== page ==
Friday, April 18, 2014

How to Write a Greek Myth: Step-by-Step Guide


I love reading the mythology stories of the Romans and Ancient Greeks, but after a while, I start to see a pattern.

How to write a great Greek myth:

1. You need to chose one of the male gods in the Pantheon to start with. Hint: He needs to be a man’s god. A real horndog. However, for a nice twist, you could also choose one of the goddesses, though not a virgin one. If you choose a goddess, make sure she’s got something to offer the human (remember the story about Paris and his really bad decision?).


2. You need a pretty human – male or female, doesn’t matter. But, they must be more beautiful than average, if you decide to mess with the outward appearance, you better make it up with some REALLY awesome talent and moderately good looks. Royal bloodlines are best.

3. Now, add in some twist of fate. This is where things get exciting. A parent dies and leaves nothing to their child  except a horrifying curse. A child is thrown away in the trash and raised by an animal or the peasants. A plague befalls the entire kingdom. A god or goddess demands recompensence for some random wrong against them. An unclear, but doom-sounding, prophecy is read upon a birth. The sky’s the limit.

4. The twist of fate effects the human either directly or indirectly causing the human to seek the sanctuary or advice from their god or goddess of choice. Hilarity ensues: love at first sight, wrong deity, deity is having a bad week, deity off on vacation and leaves someone else in charge. A true case of “right place, wrong time.” A shakespearean comedy of errors.

5. The Meet. Deity and human. If you can work in one of them becoming an animal, so much the better. Especially if the animal in no way should be attractive or dangerous to a normal human being.



6. At this point, if you are going for a romantic myth, the god or goddess needs to fall in love and use their wiles to force the human into a compromising situation. Bonus points if the human and deity get busy in a temple or wherever the god’s domain is (i.e. If you are working with Poseidon, then in the sea; if Zeus, in the air; etc.). Double bonus points if conception occurs instantaneously.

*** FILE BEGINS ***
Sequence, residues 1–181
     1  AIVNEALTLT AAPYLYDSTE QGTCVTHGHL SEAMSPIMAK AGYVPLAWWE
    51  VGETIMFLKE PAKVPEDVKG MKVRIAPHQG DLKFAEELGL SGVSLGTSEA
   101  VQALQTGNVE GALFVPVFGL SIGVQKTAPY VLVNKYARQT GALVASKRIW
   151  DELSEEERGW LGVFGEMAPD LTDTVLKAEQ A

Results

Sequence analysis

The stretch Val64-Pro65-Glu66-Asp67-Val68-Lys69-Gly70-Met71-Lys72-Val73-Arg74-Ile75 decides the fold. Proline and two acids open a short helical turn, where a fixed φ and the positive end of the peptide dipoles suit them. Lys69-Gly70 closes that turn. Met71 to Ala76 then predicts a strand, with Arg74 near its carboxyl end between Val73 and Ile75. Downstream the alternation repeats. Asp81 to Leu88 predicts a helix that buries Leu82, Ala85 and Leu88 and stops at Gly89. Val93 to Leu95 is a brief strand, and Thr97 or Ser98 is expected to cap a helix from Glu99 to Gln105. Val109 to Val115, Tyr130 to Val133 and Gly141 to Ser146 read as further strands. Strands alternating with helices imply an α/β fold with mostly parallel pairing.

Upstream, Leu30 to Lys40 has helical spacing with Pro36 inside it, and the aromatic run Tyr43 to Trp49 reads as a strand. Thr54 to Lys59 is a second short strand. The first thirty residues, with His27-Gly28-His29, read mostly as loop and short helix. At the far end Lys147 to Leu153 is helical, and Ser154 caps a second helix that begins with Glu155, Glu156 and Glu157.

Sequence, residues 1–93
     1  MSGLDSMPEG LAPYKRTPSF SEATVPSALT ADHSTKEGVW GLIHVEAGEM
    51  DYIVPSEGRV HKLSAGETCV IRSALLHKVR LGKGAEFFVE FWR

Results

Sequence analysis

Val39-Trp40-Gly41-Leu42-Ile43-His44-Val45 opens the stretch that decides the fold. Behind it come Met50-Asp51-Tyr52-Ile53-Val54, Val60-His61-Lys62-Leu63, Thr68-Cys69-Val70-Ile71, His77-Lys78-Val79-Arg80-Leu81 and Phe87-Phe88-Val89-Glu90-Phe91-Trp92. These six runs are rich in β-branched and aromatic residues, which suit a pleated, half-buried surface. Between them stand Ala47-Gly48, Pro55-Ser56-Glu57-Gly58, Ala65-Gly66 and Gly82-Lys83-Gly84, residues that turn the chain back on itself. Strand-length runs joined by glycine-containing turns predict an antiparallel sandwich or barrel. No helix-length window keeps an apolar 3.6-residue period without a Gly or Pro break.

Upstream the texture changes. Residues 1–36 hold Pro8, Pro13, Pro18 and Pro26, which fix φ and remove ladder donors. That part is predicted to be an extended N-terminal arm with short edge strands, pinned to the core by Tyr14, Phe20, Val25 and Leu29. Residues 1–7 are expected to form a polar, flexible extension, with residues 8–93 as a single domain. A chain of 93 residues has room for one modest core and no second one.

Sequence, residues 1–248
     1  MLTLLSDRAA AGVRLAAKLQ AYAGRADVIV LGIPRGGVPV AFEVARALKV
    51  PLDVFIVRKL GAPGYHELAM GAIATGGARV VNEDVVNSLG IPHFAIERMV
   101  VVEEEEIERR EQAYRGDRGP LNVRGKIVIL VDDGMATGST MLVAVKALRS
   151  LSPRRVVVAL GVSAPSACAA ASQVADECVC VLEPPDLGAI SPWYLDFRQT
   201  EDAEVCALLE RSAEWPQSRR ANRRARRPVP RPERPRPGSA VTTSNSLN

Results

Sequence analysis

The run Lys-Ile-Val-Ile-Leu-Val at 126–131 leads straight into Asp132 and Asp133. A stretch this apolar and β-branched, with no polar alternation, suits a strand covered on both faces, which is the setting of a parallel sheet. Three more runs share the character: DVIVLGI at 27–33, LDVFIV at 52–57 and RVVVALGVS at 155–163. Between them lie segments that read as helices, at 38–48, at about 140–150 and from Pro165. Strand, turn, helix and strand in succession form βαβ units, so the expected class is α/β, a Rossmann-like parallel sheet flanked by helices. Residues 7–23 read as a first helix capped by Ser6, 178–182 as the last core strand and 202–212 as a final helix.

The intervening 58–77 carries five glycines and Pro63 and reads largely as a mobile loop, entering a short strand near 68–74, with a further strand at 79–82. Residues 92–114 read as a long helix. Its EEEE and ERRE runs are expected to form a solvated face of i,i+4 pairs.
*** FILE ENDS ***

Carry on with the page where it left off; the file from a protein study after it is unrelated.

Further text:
7. If instead, you are going for a more traumatic myth, the human needs to insult or injure the god or goddess in some relatively minor way. Bonus points if the human did it unconsciously and spends the rest of the myth confused about why they are being punished.

8. The punishment. Whether this is a romantic or traumatic myth, there needs to be a punishment. Humans cannot interact with the gods and goddesses without punishment being a part of the action – kinda like a good strip club. This is where you get to have a lot of fun thinking of the worst ways to truly terrorize other humans.

9. Death occurs. Obviously not the god’s or goddesss’ but of course some human’s. It may or may not actually be the death of the main human – instead it could be all the rest of humankind. But, death must happen. And, it usually isn’t expected.

10. At last, the solution. Either a baby is born and acceptance is found or the human begs for forgiveness. The deities involve do not forgive or really even remember what happened previously in the story and just kind of move on with their immortal lives. For the human though, what has transpired has changed their lives, for the good for the worse, only you know. But, not only their lives, but the lives of all those around them.

Bonus points if you can work in a moral or reason for a natural occurrence throughout the myth.

Now, go out, good people, and share the word!


p.s. If you use this guide to write your own ancient myth, please share. Drop me a line. I'd love to read a few self-created myths. Oh, how cool! I can hardly wait!

No comments:

Post a Comment